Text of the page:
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California and its Mines.—The trustees of the California State Mining Bureau find in the increasing demands for their report evidence that the institution is fulfilling a public want and is growing in public favor. The edition of the sixth annual report is exhausted, and that of the seventh nearly so, while the edition of the eighth was nearly doubled. A historical fact of much significance is embodied in the statement that while in the early days the newspapers of the State teemed with notices of mining interests which were summarized at regular intervals in quarterly and annual reviews, the articles of that kind have been gradually curtailed as the relative importance of the mines diminished and other interests pushed themselves into prominence, till now they appear, if at all, as mere items. Hence the Mining Bureau has become the only center and the best source of information on the subject. A complete review of the mines and mining operations was given for the first time in the report for 1888. The report for 1889 assumes that the whole country owes very much of its prosperity to mining. Every State owes that industry something; the mid-continental regions almost their very existence. Mining investments are among the most profitable, notwithstanding an impression to the contrary prevails. The impression that the gold-mines of California are depleted below the point of profitable production is likewise mistaken. The gold taken out has exhausted but little of the auriferous wealth of the State, and the annual production has not heretofore much exceeded what it may be reasonably hoped to reach and maintain in the future. Besides its gold-fields and silver-bearing lodes, California possesses the more common metals and minerals in great variety. There is hardly a county in the State but has valuable mineral deposits of one kind or another, and the distribution of these products is pronounced remarkable. Fourteen of the fifty-three counties make a notable production of gold, and twelve of gold and silver; five produce quicksilver, two borax, two salt, four asphaltum, two petroleum, three copper, etc. Were California even poor in the precious metals, it would yet become a great mining State. It is asserted in the report that gold-mining has not yet reached even the stage of sturdy infancy.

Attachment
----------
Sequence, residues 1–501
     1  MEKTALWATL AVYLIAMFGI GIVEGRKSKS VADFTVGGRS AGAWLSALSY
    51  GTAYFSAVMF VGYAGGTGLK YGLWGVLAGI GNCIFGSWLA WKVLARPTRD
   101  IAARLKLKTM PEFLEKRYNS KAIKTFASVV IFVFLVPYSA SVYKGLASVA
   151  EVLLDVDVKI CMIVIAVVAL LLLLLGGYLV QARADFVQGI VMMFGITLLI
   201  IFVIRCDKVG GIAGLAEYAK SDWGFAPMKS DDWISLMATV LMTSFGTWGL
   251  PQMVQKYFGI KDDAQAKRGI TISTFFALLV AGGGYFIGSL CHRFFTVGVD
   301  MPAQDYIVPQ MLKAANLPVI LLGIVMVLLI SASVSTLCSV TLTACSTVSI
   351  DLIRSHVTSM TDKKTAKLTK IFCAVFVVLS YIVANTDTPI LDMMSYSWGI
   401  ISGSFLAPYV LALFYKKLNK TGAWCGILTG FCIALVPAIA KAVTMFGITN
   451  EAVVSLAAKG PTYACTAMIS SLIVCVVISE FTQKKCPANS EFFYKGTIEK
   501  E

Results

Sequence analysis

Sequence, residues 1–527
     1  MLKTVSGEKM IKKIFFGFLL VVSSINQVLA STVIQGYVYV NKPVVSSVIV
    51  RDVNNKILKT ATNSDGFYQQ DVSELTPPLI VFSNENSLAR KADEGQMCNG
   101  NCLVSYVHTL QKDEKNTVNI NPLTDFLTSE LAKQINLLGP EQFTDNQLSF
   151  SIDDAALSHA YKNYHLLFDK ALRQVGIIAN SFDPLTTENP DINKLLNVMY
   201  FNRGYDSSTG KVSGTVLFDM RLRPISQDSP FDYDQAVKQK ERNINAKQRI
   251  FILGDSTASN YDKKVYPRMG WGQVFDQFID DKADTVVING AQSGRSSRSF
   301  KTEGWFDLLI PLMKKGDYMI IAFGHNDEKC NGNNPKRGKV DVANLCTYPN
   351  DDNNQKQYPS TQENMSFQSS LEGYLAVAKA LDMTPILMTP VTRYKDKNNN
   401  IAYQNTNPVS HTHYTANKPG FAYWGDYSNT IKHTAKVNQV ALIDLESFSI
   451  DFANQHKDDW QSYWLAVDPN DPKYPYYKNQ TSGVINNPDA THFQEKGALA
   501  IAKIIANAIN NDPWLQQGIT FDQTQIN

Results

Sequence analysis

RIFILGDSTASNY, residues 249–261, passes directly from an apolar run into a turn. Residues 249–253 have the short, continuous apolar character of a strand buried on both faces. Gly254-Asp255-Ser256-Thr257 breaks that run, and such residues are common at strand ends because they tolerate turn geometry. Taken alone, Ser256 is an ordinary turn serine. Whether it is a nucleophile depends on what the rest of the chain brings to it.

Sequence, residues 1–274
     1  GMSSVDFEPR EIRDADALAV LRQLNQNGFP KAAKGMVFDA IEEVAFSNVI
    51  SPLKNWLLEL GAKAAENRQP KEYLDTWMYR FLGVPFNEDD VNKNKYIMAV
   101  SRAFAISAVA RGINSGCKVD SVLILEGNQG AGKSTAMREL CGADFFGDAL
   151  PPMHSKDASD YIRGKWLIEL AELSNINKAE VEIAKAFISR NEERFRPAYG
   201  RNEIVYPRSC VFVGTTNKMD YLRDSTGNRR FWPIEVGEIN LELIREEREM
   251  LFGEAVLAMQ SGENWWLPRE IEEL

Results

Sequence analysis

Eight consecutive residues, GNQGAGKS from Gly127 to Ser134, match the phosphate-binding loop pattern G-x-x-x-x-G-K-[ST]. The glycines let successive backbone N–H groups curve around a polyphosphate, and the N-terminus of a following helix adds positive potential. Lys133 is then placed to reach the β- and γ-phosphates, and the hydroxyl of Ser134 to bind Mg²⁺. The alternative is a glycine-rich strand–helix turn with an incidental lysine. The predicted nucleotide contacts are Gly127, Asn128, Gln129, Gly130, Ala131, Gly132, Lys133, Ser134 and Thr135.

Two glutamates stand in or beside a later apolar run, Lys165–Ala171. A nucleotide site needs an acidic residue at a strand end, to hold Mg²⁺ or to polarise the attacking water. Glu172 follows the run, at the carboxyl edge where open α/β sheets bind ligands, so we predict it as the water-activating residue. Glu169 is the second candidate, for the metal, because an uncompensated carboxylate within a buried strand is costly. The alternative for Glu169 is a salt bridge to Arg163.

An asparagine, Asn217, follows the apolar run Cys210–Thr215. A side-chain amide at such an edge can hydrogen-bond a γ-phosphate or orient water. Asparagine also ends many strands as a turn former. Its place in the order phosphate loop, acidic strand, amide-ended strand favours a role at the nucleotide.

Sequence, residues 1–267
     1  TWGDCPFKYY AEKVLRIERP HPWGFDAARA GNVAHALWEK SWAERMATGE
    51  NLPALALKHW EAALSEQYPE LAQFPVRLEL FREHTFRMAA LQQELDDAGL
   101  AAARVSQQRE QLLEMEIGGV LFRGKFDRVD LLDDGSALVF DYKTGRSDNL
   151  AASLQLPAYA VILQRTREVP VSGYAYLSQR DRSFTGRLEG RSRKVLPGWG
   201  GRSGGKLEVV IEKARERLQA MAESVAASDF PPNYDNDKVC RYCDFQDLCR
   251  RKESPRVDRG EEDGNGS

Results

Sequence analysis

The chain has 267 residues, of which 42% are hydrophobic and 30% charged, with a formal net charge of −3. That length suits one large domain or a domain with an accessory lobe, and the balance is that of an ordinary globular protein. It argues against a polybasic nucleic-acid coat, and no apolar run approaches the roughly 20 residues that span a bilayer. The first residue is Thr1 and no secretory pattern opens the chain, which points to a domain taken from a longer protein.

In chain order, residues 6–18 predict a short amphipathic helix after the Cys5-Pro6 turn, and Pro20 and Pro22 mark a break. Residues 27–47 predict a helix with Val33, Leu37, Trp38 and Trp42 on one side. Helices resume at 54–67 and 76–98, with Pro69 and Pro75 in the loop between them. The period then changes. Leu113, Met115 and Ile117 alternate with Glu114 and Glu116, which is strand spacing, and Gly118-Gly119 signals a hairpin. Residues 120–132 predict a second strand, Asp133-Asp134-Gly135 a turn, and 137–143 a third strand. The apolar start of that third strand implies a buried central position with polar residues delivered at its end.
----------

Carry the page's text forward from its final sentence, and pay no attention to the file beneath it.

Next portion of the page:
Caprices of Soils.—The system of studying the adaptation of soils to crops has grown out of the failure of attempts to settle such questions in the laboratory. This work, as is shown in a Bulletin of the Ohio Experiment Station, is attended with great difficulties. "So great is the variation in natural fertility in soils that appear to the eye to be identical in composition, that the results of field experimentation are liable to be even more misleading than those of the laboratory. Take any single acre of ground for illustration. An open glade in the original forest may have permitted the wind to sweep away its winter coverlet of leaves, and they may have lodged in a thicket of underbrush adjoining, carrying stores of potash and phosphoric acid with them. Such a glade may have been for centuries the pasturing ground of deer. It would then accumulate nitrogen, but would lose potash and phosphoric acid through an additional channel, while the thicket would accumulate these in excess of nitrogen. The growth of a surface-rooting tree in one spot may have drawn upon the adjacent surface-soil for supplies of potash; that of a tree with a deep tap root in another may have drawn its support largely from deeper layers of the soil, and also have opened a way for drainage. A slight depression of the soil here may have received added fertility in the waste from a slight elevation there, and he who has studied the soil carefully, especially where its levels are shown by the melting of snow when the ground is frozen, will have detected irregularities of level unsuspected by the casual observer."